Oxygen Transport Studies of Normal and Sickle Erythrocyte Suspensions in Artificial Capillaries
Oxygen transport from normal and sickle erythrocytes was studied under known and carefully controlled conditions simulating the microcirculation. Oxygenated erythrocyte suspensions became deoxygenated as they traversed silicone rubber capillaries of 27 μm diameter. Oxygen saturation values of the flowing erythrocyte suspensions were measured at several axial positions along the capillary by use of a microspectrophotometric technique. Oxygen saturation decreased with increasing distance from the entrance of the capillary and was strongly influenced by the flow rate. Under the same hematocrit and flow conditions, the rate of oxygen saturation decrease was significantly higher for the sickle cells than for normal cells. Sickle cells would be expected to have a higher diffusional resistance to oxygen transport than that of normal cells. However, the lower oxygen affinity of the sickle cells tends to increase the oxygen delivery rate. The difference in oxygen affinity appears to account for the difference in oxygen delivery rates between normal and sickle cells.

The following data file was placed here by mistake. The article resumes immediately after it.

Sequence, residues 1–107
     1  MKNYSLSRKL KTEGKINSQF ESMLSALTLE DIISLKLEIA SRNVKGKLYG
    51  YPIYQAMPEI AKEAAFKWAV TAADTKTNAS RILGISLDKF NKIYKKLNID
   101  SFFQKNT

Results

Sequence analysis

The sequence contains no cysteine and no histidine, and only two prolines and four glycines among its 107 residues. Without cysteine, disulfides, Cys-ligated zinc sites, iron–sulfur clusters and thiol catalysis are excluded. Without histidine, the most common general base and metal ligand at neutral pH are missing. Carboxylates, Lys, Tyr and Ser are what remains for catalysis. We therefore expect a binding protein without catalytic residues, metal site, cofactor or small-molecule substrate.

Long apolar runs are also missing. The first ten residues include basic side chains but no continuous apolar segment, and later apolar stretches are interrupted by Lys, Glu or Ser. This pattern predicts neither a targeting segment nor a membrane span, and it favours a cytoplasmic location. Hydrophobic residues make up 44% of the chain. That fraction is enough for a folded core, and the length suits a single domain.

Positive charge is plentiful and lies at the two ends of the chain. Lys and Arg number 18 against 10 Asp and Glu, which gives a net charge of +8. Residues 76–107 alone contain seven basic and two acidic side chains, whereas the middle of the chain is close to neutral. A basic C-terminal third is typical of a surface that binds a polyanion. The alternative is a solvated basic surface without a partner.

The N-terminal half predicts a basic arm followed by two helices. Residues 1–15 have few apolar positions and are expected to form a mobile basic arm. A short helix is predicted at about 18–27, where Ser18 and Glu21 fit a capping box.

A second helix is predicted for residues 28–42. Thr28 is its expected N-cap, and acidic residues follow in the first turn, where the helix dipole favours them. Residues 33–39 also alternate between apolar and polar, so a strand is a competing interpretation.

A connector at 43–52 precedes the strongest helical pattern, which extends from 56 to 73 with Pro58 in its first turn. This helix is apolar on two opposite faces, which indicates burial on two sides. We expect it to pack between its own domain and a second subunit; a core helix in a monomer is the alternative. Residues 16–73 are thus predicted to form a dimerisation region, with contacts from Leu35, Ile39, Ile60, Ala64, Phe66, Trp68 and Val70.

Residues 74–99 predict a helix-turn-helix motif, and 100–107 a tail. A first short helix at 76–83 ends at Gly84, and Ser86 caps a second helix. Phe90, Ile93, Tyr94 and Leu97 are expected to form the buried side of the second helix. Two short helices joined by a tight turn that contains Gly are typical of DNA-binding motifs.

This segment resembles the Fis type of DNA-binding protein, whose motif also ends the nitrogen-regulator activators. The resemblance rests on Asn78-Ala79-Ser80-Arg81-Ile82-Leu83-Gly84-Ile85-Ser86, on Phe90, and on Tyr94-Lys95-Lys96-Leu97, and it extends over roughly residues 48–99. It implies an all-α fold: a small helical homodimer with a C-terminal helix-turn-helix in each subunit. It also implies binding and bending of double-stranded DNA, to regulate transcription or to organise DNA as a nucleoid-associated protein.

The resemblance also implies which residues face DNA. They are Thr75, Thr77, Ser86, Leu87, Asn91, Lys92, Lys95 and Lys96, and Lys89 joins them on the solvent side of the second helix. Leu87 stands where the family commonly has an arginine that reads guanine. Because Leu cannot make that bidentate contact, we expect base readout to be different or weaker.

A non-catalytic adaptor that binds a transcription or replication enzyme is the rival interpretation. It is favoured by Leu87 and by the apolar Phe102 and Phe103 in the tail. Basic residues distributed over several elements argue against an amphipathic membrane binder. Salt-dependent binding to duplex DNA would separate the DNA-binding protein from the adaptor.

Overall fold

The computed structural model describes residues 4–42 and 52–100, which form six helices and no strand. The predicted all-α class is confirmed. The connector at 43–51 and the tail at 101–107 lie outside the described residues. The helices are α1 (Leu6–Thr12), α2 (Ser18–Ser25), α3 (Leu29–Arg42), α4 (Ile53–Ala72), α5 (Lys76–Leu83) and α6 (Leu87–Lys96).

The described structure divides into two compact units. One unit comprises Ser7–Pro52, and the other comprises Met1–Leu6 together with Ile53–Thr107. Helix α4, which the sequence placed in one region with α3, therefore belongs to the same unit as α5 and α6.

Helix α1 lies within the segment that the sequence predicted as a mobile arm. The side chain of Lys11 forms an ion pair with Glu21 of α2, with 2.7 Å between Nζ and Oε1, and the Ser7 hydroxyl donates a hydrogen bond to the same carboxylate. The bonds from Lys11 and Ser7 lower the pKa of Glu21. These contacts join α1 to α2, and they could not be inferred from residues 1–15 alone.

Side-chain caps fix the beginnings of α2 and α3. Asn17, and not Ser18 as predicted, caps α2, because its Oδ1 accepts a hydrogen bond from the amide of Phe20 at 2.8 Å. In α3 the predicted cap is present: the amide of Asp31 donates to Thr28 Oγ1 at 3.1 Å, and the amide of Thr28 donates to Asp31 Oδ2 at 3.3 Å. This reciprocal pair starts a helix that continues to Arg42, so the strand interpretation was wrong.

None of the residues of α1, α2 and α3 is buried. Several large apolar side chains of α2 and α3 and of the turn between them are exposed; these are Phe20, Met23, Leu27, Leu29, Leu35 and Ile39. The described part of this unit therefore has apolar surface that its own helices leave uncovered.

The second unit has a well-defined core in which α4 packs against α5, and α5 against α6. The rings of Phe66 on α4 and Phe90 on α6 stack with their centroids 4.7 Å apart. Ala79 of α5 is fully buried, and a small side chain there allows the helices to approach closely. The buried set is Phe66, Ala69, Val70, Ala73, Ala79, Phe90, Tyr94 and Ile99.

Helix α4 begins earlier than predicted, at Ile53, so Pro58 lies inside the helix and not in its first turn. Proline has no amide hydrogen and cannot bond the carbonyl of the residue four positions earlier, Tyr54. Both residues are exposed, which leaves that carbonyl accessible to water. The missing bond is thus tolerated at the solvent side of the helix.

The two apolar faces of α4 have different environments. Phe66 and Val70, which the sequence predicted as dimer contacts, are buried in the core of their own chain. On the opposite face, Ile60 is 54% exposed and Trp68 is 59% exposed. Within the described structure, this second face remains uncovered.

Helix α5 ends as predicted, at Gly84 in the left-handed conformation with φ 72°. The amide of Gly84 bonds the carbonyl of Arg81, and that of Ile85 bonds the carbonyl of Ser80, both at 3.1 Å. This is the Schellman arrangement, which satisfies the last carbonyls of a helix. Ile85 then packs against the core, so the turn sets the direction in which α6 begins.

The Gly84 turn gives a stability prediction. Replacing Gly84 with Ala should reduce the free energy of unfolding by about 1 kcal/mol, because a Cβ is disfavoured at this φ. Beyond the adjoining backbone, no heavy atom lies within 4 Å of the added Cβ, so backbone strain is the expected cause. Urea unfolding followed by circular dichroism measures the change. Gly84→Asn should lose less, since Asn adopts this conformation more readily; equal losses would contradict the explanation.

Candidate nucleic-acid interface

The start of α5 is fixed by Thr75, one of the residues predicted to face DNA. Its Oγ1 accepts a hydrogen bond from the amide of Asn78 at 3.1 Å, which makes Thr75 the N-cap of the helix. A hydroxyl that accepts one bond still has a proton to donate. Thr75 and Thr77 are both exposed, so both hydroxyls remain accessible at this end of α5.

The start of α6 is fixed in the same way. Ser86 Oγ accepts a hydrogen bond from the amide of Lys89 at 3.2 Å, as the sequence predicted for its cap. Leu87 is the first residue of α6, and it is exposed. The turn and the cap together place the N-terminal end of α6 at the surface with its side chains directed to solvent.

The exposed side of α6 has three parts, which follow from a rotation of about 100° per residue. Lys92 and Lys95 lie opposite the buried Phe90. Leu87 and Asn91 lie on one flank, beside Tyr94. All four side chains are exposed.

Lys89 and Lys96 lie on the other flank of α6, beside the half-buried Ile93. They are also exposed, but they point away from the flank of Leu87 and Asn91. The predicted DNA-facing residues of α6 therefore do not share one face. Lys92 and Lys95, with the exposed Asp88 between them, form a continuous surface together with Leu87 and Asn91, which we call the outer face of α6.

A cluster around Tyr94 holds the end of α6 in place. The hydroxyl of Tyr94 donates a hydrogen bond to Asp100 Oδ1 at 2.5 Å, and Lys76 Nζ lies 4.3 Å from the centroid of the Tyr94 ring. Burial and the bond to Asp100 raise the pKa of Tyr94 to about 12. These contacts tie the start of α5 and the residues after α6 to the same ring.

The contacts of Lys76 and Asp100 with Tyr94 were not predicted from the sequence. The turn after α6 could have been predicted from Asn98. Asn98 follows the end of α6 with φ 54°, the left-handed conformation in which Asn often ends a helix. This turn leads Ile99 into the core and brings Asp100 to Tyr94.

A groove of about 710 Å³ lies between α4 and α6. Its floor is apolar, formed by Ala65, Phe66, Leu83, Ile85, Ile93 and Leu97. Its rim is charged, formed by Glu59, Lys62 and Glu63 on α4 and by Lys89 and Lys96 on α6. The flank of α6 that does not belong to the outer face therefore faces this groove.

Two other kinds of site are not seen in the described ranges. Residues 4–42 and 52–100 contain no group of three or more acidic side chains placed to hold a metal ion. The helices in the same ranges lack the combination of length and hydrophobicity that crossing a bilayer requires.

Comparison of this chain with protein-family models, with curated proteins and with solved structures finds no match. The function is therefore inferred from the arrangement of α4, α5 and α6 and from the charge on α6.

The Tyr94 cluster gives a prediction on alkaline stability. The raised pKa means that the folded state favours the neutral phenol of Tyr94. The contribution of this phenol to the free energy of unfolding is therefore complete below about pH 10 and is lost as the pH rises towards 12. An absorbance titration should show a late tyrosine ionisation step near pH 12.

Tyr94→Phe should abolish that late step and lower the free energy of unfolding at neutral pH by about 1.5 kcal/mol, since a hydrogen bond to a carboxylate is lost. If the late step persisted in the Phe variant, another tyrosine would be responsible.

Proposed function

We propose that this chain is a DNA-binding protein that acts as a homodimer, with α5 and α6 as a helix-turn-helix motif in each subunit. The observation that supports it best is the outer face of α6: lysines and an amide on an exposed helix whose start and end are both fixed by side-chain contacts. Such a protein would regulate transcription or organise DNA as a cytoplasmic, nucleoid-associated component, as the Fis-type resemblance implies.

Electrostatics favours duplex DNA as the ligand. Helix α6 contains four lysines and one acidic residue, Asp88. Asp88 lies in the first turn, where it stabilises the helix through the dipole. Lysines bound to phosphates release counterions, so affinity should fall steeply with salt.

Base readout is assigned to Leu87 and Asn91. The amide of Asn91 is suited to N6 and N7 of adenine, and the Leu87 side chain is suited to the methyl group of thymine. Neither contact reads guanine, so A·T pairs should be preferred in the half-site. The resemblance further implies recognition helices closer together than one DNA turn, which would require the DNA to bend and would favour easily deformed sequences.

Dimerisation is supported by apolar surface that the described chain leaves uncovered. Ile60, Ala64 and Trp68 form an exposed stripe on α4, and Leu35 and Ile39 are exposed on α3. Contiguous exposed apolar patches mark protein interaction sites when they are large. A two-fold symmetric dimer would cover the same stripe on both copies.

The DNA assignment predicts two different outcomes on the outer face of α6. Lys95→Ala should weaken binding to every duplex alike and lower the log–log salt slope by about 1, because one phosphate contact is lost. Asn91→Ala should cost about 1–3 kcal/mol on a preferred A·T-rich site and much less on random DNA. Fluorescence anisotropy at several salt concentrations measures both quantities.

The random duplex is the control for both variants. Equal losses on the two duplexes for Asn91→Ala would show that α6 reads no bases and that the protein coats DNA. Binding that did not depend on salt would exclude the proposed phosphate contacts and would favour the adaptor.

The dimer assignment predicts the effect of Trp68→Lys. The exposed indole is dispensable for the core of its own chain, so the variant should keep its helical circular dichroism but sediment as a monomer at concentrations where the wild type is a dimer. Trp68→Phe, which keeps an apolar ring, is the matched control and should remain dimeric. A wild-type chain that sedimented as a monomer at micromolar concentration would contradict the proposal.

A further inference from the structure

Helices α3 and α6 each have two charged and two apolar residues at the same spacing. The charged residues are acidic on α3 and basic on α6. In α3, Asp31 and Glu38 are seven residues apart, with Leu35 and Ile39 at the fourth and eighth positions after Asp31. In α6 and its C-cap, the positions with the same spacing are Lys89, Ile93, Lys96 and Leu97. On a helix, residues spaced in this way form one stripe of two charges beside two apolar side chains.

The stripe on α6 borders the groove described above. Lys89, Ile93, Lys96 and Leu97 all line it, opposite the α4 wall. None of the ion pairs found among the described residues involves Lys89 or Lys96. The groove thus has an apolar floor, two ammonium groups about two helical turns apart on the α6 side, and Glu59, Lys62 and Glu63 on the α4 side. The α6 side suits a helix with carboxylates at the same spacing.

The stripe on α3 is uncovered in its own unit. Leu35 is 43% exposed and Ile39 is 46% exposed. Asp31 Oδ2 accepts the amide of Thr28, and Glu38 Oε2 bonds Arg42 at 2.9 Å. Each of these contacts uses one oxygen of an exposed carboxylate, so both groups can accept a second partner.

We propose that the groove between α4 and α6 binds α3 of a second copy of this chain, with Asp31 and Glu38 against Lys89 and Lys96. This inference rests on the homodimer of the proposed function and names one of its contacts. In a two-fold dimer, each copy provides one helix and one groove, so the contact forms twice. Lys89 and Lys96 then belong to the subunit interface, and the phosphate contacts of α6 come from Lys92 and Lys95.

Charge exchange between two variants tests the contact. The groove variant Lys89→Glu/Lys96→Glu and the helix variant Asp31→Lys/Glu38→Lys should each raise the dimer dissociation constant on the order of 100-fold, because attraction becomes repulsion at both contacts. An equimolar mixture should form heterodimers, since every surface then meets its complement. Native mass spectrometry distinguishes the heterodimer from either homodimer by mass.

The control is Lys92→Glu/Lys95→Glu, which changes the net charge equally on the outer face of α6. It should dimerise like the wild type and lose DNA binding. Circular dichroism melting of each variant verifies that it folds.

KeywordsOxygen Saturation Sickle Cell Oxygen Transport Oxygen Affinity Erythrocyte Suspension
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